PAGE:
Disabled persons in this country are hard-pressed to believe that the government is concerned with the challenges they are facing. Despite countless pleas not to be left out in the nation’s progress, they are still struggling to cope with environmental and attitudinal barriers all the time. To add insult to injury, past mistakes are recreated in the present.
Rapid KL made a major blunder when they never took the needs of disabled persons into account and acquired non-accessible buses in 2004. Three years down the road, RapidPenang is making the same mistake when Penang State Local Government and Traffic Management Committee Chairman Datuk Dr. Teng Hock Nan announced that “for the time being, we will not be having special buses for the disabled who use wheelchairs.”
In respond to Dr. Teng’s statement, the Barrier-free Environment and Accessible Transport Group (BEAT) called for a press conference on April 14 to dispel the misconception that disabled persons and wheelchair users need special buses. These so called “special buses” are in reality non-step buses that are widely used as public buses in Japan, Australia and Hong Kong. Apart from being accessible and having places for wheelchairs inside the buses, it is just like other regular buses that the public can use.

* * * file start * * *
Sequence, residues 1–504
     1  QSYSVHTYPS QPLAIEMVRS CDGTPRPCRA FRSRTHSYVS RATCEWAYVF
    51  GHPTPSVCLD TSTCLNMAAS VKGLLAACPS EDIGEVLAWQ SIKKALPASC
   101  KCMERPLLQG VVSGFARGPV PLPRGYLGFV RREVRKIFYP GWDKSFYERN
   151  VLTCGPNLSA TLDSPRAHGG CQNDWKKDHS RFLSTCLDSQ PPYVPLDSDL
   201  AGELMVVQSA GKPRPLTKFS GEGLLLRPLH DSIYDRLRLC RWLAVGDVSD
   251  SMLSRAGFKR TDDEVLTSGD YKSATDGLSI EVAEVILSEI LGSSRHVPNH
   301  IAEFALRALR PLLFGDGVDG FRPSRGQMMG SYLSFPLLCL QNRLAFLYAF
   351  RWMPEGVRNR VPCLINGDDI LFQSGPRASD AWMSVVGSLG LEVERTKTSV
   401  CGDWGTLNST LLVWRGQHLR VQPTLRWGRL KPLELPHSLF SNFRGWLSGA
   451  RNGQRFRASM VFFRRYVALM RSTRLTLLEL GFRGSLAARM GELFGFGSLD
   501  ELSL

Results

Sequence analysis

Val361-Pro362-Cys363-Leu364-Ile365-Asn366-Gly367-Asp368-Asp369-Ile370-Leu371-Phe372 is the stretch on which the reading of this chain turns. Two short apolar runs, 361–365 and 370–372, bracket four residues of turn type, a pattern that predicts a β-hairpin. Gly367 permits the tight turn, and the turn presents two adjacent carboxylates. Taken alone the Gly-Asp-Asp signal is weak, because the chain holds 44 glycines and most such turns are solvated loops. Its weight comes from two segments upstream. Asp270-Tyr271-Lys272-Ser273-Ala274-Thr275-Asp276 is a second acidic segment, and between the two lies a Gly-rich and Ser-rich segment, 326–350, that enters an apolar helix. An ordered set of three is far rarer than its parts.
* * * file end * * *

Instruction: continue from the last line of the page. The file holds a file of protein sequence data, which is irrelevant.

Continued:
It will be a grave mistake and an act of discrimination against disabled persons on RapidPenang’s part in not providing such accessibility. Public buses have a lifespan of between ten to twenty years, depending on how well they are maintained. Do disabled persons have to wait another ten to twenty years? Why is the government not making an effort to get it right from the beginning now that they have the opportunity to do so?